Monday, June 8, 2009

Well duh! Most blogs are greated on a whim.

My beloved Slashdot has directed me to a NYTimes article by Douglas Quenqua (Published June 5, 2009). Douglas points to a 2008 survey by the Technorati that essentially states many (95%) of blogs go unattended. Left to the void of time and soon forgotten only to show up in usless google searches...

The oped goes on giving various examples of blogs come and gone and quite frankly are we supprised by this? Many people rant for a short time and then fade due to hopelessness or just shear lack of comments back. I've done varous searches for obsure topics and found hundreds of blogs with people who have limited feedback, bad spelling (I'm included in that one.), what turned out to be a shameless attempt to use Google adsence to make a buck.

I know I have personally started several blogs and somethings life just gets to busy to blog. Add in new technologies like Twitter and micro blogging and it makes since that typical blogs do not seem as active. Personally if I find myself posting a blog that is less than a paragraph then why bother? Twitter allows for the micro comments that make it much easier for people to give a comment with out using up lots of time.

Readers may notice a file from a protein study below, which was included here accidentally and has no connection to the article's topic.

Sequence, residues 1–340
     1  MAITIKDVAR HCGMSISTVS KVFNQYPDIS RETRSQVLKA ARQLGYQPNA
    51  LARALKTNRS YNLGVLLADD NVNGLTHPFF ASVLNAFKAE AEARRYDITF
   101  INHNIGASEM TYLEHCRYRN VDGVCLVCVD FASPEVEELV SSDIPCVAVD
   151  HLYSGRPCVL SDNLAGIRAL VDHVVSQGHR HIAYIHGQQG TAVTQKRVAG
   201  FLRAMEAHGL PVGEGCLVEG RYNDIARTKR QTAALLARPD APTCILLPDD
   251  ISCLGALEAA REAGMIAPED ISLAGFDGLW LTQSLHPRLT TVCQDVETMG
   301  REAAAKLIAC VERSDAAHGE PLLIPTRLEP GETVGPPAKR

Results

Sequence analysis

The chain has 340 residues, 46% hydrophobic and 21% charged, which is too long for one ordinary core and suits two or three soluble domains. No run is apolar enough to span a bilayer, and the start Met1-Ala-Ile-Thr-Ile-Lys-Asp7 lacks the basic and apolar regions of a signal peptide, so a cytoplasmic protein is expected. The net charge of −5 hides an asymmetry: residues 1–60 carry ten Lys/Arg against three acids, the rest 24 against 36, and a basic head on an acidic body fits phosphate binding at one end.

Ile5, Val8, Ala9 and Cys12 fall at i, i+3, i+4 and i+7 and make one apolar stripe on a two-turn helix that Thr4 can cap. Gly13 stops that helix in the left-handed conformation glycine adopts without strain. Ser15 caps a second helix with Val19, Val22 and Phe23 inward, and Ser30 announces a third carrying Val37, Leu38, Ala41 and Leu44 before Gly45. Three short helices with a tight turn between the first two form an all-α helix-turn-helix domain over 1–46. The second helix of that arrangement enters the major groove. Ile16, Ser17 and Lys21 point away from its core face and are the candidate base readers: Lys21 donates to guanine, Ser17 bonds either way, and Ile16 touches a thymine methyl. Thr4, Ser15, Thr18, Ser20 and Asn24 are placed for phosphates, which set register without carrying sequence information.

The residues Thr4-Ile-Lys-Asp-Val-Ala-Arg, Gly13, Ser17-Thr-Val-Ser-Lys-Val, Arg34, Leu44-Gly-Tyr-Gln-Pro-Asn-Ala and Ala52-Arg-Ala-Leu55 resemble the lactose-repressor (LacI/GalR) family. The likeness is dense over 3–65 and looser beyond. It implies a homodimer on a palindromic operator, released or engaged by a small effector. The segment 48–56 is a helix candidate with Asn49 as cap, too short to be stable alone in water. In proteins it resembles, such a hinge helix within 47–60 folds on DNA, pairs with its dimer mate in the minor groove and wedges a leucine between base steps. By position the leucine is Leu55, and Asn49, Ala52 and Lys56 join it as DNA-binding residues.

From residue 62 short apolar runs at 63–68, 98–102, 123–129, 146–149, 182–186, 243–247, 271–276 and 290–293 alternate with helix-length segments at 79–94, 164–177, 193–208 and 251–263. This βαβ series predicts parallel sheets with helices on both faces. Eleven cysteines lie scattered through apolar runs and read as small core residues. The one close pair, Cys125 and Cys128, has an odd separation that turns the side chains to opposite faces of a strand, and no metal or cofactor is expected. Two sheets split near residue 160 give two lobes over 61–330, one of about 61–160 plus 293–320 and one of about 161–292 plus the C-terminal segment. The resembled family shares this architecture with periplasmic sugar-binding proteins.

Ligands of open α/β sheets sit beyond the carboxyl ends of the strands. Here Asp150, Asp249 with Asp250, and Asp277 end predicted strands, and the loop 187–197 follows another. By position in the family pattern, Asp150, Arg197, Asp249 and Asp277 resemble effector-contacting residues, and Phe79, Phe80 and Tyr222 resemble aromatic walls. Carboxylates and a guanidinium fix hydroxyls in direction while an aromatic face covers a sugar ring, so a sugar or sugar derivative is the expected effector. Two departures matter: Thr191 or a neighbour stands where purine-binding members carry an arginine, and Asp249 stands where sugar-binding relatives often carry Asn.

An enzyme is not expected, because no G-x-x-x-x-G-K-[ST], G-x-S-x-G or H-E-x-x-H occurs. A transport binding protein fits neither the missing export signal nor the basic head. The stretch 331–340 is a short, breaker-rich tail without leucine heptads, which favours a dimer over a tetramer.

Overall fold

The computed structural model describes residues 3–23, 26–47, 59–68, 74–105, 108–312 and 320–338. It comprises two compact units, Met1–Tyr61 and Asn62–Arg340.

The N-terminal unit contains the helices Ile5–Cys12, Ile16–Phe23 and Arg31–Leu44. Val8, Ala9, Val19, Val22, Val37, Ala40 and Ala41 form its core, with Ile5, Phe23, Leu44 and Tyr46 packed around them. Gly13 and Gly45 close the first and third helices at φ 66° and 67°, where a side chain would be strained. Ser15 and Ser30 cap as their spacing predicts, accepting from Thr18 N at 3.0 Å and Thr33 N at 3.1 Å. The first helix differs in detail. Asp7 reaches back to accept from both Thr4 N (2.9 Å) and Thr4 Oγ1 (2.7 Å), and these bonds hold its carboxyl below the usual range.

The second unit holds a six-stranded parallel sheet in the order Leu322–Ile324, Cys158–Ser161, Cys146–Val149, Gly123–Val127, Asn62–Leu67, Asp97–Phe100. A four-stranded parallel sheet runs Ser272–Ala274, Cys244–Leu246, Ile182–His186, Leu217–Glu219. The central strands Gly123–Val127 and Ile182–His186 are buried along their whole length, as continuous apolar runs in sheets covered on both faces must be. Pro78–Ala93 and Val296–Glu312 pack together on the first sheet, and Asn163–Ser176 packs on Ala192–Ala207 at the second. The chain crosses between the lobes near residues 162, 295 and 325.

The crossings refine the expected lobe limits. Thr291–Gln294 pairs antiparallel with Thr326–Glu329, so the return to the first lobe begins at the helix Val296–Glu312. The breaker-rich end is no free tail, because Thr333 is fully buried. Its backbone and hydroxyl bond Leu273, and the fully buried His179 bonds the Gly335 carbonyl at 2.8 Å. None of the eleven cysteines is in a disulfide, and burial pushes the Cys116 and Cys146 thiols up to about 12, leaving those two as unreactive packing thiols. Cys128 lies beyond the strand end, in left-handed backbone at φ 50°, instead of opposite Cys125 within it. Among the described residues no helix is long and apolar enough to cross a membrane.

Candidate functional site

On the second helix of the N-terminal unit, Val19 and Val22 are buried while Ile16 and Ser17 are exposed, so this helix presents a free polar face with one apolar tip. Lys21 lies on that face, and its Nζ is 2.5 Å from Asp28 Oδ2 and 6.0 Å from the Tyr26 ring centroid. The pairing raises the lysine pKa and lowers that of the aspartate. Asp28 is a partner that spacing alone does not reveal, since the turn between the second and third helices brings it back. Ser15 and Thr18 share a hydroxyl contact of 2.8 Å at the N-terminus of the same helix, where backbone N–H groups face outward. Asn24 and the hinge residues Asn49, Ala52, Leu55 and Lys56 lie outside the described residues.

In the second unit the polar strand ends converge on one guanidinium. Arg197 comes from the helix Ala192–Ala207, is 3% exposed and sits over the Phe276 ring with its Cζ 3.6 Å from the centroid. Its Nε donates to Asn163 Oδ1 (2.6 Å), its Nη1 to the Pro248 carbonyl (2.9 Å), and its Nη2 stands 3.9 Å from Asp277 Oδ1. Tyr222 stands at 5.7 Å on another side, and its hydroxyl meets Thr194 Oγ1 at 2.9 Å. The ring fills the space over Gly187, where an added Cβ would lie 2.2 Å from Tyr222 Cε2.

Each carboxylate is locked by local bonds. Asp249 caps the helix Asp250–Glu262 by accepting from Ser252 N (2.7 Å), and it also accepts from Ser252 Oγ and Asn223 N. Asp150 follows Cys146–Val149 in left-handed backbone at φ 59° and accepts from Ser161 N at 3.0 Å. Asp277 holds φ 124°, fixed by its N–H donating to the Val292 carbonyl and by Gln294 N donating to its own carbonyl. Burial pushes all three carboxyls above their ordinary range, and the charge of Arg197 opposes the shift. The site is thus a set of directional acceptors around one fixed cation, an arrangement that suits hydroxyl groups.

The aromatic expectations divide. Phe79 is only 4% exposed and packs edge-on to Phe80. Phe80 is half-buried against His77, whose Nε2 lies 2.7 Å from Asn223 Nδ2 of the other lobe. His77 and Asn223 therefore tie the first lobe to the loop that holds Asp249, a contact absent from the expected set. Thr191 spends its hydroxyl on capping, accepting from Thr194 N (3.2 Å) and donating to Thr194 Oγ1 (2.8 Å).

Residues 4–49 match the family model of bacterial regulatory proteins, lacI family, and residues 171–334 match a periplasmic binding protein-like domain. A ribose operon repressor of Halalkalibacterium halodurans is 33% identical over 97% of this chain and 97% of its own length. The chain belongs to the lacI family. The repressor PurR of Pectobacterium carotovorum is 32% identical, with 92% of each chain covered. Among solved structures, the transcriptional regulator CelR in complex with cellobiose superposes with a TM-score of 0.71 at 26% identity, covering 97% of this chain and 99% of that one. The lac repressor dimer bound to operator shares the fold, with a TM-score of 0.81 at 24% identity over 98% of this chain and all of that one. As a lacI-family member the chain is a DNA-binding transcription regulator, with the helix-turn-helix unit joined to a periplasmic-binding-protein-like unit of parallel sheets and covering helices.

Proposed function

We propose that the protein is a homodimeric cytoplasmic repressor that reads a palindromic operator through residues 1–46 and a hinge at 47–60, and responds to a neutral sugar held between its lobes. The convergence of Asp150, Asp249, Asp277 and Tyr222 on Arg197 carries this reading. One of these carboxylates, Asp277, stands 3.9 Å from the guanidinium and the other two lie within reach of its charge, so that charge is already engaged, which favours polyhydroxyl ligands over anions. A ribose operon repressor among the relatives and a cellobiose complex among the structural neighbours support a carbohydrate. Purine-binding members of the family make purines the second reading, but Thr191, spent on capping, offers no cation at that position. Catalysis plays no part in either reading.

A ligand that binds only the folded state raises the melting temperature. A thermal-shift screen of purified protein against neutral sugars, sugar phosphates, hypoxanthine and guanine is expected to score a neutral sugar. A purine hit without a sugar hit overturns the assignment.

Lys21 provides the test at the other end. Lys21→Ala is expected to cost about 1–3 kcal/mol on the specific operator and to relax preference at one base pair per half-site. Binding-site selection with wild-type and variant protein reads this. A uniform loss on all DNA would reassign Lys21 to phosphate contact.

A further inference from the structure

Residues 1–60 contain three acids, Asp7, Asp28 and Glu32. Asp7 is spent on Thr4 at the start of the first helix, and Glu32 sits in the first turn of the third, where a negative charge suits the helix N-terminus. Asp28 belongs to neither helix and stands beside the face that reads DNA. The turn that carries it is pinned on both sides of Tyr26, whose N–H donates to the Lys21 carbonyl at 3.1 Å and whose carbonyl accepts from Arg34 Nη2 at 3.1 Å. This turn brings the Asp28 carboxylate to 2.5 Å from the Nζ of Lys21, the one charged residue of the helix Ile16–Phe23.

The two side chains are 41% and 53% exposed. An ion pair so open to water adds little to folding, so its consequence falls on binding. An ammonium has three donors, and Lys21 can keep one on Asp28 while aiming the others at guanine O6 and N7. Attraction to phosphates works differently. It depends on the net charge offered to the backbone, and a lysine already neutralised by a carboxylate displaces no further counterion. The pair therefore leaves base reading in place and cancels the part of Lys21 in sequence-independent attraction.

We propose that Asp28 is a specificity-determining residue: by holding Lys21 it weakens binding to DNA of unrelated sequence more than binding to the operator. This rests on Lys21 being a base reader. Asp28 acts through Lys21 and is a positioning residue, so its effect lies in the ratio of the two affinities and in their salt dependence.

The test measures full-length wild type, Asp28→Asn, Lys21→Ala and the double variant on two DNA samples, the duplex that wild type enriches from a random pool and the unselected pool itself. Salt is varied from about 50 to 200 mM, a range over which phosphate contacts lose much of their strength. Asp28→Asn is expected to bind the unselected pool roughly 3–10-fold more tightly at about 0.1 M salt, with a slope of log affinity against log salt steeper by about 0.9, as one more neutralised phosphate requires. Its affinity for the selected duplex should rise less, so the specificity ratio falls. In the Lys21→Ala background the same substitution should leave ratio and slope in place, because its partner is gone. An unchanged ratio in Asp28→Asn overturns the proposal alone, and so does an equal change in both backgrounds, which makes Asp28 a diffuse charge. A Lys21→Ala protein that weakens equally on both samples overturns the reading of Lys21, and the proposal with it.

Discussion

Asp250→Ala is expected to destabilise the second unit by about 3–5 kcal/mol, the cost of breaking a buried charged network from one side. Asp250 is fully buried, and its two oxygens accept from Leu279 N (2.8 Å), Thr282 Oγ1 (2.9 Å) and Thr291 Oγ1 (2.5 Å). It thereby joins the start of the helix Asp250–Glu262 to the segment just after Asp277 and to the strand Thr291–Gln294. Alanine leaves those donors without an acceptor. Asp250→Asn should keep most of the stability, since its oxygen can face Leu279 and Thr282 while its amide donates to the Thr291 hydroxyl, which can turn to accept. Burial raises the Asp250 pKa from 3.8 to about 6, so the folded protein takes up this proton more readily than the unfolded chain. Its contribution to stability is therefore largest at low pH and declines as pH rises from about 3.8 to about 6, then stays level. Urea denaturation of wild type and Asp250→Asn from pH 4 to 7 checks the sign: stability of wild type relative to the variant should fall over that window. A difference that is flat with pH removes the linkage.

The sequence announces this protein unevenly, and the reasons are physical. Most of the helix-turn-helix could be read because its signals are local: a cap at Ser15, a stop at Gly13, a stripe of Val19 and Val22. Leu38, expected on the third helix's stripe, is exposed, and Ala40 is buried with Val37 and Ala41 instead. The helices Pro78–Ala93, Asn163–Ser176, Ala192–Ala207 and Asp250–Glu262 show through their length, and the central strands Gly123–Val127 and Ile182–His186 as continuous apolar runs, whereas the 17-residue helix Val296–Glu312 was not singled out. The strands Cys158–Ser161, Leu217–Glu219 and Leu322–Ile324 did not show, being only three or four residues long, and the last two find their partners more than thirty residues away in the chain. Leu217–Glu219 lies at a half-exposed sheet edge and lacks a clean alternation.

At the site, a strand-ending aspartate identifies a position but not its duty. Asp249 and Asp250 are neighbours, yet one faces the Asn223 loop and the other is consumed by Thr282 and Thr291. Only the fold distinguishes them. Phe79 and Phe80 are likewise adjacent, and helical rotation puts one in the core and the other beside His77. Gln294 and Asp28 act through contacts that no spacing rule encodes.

Speaking of time, I think I've said enough. Blogging will stay for some time but look for many to persue micro-blogging.

UPDATE: 2009.06.09

John Scalzi has a different take on NYT's article. In "The New York Times: We May Slide Into Irrelevancy But At Least We Update Daily" notes that the NYT has a slight grudge with the new media and is a decade late on noting that blogs come and go. 

Well I agree that the old media simply missed the boat when it comes to the net. The old school newpapers were religated to irreliveance with Craig's List, eBay, blogs, and twitter. The cable news stations are doing a little better with addapting to the changing times but in many respects news print is dead in. This isn't to say that some papers havin't figured it out but many of the old hats will pass in the sands of time becoming afterthoughts or historical footnotes.